A suction machine is a key component of any medical toolkit. In hospital settings, it prevents aspiration and protects the airway during medical procedures ranging from routine to revolutionary. SSCOR offers a range of suction devices for every agency and need.
Investment in the right suction machine is an investment in patients’ lives. When choosing the right device for your needs, here are seven factors to consider.
Under the Emergency Medical Treatment and Labor Act, hospitals are required to provide care to anyone within a 250-yard radius of their campus. That means offering prompt care to a choking or aspiration victim, even if they don’t make it into the emergency room.
EMS providers must likewise be able to travel to patients, rather than risking patient safety and stability by transporting patients to the truck. Portable suction units enable you to travel to your patients, offering faster and safer stabilizing care.
It’s not enough for a unit to market itself as portable. It must actually be portable for people of varying sizes and strengths. This requires a lightweight unit that can fit into a tactical bag or on a crash cart without crowding out other vital supplies.
In tactical emergency situations, you may have to suction several patients in short order. That means there will be little time to recharge a unit with weak battery power, so it’s important to select a unit with long battery life. A unit that charges more quickly offers more stability and flexibility, so ask about battery charging time as well.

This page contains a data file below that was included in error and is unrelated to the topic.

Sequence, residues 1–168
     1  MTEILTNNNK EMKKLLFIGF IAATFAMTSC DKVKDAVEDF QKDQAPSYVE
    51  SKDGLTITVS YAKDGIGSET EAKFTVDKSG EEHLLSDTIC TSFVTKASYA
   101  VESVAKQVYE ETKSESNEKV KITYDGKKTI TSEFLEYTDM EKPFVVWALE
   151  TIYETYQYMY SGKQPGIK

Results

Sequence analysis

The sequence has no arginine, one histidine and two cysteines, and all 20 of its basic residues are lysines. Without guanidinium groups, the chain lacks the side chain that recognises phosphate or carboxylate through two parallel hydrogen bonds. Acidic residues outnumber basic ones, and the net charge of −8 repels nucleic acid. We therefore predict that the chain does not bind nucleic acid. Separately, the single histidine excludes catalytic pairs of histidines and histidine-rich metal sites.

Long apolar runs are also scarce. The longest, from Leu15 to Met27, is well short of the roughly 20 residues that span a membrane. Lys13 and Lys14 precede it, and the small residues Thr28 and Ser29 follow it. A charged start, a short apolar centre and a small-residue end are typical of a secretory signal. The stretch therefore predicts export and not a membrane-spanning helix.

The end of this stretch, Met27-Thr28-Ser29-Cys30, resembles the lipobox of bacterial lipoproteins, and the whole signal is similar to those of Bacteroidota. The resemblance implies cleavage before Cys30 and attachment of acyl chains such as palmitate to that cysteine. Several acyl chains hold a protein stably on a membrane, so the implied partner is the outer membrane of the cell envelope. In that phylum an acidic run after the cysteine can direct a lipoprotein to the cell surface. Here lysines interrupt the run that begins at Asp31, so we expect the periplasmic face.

Hospitals and EMS providers often find themselves overrun by disposable attachments in every shape and size. Yet when it comes time to attach a canister or catheter to a unit, you may find that you have every disposable except for the one you need.
Pick a unit that is compatible either with a wide range of disposables or with the ones you have in the most abundant supply. Then get rid of any disposables you’ll no longer need. To reduce frustration and expedite patient care, store disposables with the unit they fit.
How many medical suction machines do you really need? The answer is almost always more than you think. Hospitals that deliver many babies, have large ICUs, act as trauma centers, or are located in sprawling metropolises typically need more units. At a minimum, you should aim to have in-wall suction in every room, portable suction on every crash cart, and a suction unit in every surgical room.
A suction unit must be able to deliver suction of at least 300 mmHg, with a flow rate of 30 liters per minute. Many suction units promise to hit this minimum threshold, but some begin losing power as soon as the battery ages or the charge weakens. Get clear details about the suction you can expect when the battery is old or is close to needing a charge.
While powerful suction can be life-saving, too much suction on a neonate can be catastrophic. The ideal suction unit is quickly and easily adjustable. Your team should be able to suction a neonate, an ailing senior, and a healthy adult with aspiration pneumonia in a matter of moments, without pausing to change units or check the manual.
Maintenance Time and Costs
In a perfect world, your suction machine would never break or need maintenance. Our world is sadly imperfect, and there’s a huge continuum of maintenance costs among suction machines. Ask the company you’re considering buying from how long you can expect the unit to last and how frequently it will need maintenance. The best units offer a solid warranty.
Also, ask about a testing kit. You don’t want to find out that a unit doesn’t work while you’re tending to an ailing patient. Many companies offer testing kits that enable you to assess battery life and stability, as well as suction power, each time you turn on the unit.
To learn more about the right portable suction unit for your needs, download our free comprehensive guide, The Ultimate Guide to Purchasing a Portable Emergency Suction Device.
Editor’s Note: This blog was originally published in August 2018. It has been re-published with additional up-to-date content.